Tuesday Jan 24, 2012
Chinese New Year 2nd day
Bright sunshine day. All neighbours closed
I came to check on my cat patient - a stray cat with badly wounded left fore paw and swollen right paw and do some stock checking and administration.
1. Shih Tzu, Female, 11 years. Fever. EMACIATED. Sticky salivation as gums were ulcerated as if he had licked some poison some 4 days ago.
"Whole apartment smelly," the father said. The son of 24 years was very concerned. "Yellow liquid in his mouth. What is it?" he asked me. "Could be gastric juice vomited. Did he lick any liquid like paint or tick insecticide?"
"There was anti-mosquito fogging 5 days ago," the son said.
"Yes, it is possible the dog tried to lick off the smell. A blood test is recommended. But you have to decide."
"We are poor. Don't want the blood test," the father said. The son later told me that a vet had forced his father to take various tests leading to a hefty vet bill. So, the father is angry at all vets. However, his vet is off today. Treatment. IV drip, antibiotics and anti-fever.
2. Jack Russell, Male, 11 years. High fever. Massive swelling below R eye for past 5 days. The elder brother said: "The swelling comes and goes, but today, it expands. Can't open eye.What is it?"
No dental work for past 11 years. Malar abscess? "Any bee stings?" I asked. "Centipede sting possible as there are lots of centipedes in the house." A son and mum phoned at 5pm. "Not much changes," I said. Swelling has defined to a ping-pong sized lump after IV drip and medication. Will need sedation tomorrow to see inside the mouth as the dog prohibited opening of his mouth. Could be an abscess not related to malar abscess or a haematoma. Vet medicine is full of surprises.
3. Persian cat of son who is overseas. F, 13 years, not spayed. EMACIATED. Drooling. Emaciated. Mum went on holiday past 2 weeks and now the cat had problems not eating. salivation. Two large cystic swelling below and beside the tongue. Wandered outdoors as mum was not around. Could it be ingestion of poison? IV and medication.
4. Guinea Pig. 1 year +. Not eating. EMACIATED. Drooling. Had incisors clipped 2 weeks ago by Vet 1 who did not examine further. Still not eating well. "Examine the molars," I showed the young lady the inward pointing sharp points of the lower molars. Anaesthetic isoflurane gas using mask. Clipped teeth. Advised hard pellets. "Separate from the other GP who ate faster," I advised. "He might be bullied." The girl said: "The other GP will scream if separated." I said: "Get a grated barrier to separate them. This GP eats by herself and recover. We assume there is no bullying as we don't see it."
5. Dwarf Hamster, F, 1 year+, 59g. "He had gone (to heaven)," the lady in her late 20s said to me. "I let her swim (in the basin) longer while I took care of the other 3 hamsters. When I saw her, she was gone. Drowned. Flat out. No movement. I did heart massage a long time. She finally recovered. But she has this sound (like teeth chattering) from her chest. She ate a bit. "How many stool pellets she passed?" I asked. "Only 1 or 2. Normally many as she is a fat hamster and eats a lot."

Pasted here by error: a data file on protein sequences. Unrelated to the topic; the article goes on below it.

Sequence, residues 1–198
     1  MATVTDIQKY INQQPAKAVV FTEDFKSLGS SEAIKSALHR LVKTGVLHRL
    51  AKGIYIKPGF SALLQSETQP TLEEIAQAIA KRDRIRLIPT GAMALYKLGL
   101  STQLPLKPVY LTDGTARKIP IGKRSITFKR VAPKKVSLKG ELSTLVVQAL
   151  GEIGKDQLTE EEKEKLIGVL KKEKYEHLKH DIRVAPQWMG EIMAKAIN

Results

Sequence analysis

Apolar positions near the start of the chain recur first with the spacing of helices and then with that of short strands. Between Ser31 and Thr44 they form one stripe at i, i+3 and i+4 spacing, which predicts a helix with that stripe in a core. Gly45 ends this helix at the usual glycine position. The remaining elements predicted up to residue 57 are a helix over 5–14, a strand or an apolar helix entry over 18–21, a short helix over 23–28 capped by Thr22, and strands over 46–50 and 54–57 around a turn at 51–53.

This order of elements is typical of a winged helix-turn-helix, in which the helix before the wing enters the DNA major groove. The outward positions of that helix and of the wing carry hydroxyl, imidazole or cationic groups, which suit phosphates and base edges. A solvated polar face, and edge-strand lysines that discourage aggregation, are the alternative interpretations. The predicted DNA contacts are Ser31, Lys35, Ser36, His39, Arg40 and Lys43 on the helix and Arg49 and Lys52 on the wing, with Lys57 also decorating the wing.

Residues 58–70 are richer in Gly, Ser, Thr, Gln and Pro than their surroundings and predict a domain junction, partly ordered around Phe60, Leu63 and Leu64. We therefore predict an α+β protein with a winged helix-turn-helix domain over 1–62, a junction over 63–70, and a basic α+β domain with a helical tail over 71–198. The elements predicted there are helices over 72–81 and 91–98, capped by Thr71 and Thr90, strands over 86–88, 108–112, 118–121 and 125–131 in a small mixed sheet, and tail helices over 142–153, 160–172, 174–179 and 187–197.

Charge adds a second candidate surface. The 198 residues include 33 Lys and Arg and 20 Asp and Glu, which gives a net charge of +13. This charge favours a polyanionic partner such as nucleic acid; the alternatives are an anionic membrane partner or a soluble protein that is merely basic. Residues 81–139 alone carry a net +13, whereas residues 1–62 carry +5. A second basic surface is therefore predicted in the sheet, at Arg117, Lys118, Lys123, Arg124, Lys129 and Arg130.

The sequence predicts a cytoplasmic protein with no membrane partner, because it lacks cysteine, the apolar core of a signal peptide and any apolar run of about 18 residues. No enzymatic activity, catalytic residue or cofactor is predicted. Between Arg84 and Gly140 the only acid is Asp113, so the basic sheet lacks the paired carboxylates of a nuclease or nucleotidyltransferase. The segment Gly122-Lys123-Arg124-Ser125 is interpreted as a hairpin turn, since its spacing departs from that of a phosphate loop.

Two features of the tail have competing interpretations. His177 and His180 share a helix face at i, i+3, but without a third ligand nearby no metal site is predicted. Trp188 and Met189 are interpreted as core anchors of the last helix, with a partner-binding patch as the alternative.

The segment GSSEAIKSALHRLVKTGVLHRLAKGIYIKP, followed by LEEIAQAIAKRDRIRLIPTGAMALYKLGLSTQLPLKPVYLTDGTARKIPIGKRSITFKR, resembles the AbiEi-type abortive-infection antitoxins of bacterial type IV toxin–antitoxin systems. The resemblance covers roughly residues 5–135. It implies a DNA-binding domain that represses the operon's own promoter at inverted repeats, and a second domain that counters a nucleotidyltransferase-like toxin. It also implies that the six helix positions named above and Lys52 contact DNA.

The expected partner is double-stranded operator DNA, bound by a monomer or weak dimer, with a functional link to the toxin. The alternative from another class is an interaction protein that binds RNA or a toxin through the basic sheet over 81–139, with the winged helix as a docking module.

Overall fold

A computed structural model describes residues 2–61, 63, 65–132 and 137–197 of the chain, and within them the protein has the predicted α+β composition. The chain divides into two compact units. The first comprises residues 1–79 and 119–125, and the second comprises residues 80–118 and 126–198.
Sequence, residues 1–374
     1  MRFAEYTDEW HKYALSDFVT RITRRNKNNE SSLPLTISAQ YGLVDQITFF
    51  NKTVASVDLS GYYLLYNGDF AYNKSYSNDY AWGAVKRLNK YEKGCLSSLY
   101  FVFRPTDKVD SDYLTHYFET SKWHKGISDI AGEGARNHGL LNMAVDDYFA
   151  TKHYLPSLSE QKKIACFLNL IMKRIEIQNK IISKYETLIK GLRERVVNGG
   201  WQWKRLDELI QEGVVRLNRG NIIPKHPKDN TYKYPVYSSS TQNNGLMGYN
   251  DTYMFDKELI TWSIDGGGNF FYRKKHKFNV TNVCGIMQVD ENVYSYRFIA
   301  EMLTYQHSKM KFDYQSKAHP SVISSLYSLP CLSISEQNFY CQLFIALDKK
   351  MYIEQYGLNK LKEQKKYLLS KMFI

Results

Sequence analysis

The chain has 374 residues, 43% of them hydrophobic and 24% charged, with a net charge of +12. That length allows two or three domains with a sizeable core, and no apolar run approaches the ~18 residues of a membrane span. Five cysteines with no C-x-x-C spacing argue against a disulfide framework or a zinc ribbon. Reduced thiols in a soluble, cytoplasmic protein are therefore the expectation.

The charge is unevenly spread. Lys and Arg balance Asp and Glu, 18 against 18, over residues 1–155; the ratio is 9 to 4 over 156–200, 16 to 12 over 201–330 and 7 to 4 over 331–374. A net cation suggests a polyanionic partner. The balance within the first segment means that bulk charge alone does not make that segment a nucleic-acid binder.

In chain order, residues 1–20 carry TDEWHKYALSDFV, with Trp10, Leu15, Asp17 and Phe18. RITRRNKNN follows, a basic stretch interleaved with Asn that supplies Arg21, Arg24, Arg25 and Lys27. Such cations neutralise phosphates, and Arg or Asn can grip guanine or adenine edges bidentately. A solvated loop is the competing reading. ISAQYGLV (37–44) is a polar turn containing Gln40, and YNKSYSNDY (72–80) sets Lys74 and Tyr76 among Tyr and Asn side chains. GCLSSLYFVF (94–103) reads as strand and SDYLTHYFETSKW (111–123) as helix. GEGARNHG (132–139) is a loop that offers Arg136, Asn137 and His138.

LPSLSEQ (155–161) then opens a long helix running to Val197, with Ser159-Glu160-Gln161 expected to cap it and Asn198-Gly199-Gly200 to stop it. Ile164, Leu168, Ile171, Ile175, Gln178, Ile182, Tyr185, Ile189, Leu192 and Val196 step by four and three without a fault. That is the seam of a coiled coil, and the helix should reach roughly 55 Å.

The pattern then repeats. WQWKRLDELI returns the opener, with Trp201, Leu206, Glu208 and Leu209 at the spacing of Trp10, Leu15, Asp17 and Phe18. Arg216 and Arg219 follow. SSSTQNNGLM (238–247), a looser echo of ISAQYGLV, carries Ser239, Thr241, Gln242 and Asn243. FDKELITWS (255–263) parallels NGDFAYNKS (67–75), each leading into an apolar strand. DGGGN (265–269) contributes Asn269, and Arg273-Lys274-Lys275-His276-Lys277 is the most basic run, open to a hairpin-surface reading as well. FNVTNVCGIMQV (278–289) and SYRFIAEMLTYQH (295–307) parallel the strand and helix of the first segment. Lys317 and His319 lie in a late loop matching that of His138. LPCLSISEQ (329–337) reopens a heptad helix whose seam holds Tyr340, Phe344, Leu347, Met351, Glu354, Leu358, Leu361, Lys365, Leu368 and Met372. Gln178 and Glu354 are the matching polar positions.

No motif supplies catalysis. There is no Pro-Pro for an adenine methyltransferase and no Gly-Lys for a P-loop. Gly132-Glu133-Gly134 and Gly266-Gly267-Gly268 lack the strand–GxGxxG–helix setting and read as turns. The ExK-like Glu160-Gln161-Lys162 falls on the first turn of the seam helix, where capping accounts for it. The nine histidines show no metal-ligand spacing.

I put my stethoscope. Yes, the heart sounds were there but there was these extra loud "crackling sound". Much louder than the heart sounds. Coming from the lungs. The hamster was shaking and breathing faster than normal.
"Have you treated hamsters before?" the lady asked me when I told her that I needed to give the hamster an injection of painkiller, lung fluid-draining medication and antibiotic. If the hamster dies, it will be due to her progression of illness and not due to the injection." She was doubtful about injections. "Well, I never had a case of a hamster that had drowned and had been returned to living," I said. "Singaporeans don't bathe hamsters or I have not got such a similar case. I have done hamster injections for anaesthesia and for itchiness."
"I suppose I have no choice," she gave permission to inject her hamster. My assistant Min held the thick cloth over the first half of the body. I injected the back area under the skin of 0.01 ml. Upon removal of the cloth, the hamster was motionless. The lady was very upset, stroking the hamster's chest and calling her name. I asked her to go outside the cold aircon consult room and into the evening sunlight outdoors. She stroked her hamster. There was a flicker of movement and the hamster's eye moved. She was happy. Booked a cab and thanked me.
So, this CNY Eve 2nd day showed a representative sample of pets common in Singapore - dogs, cats, guinea pigs and hamsters. No rabbits.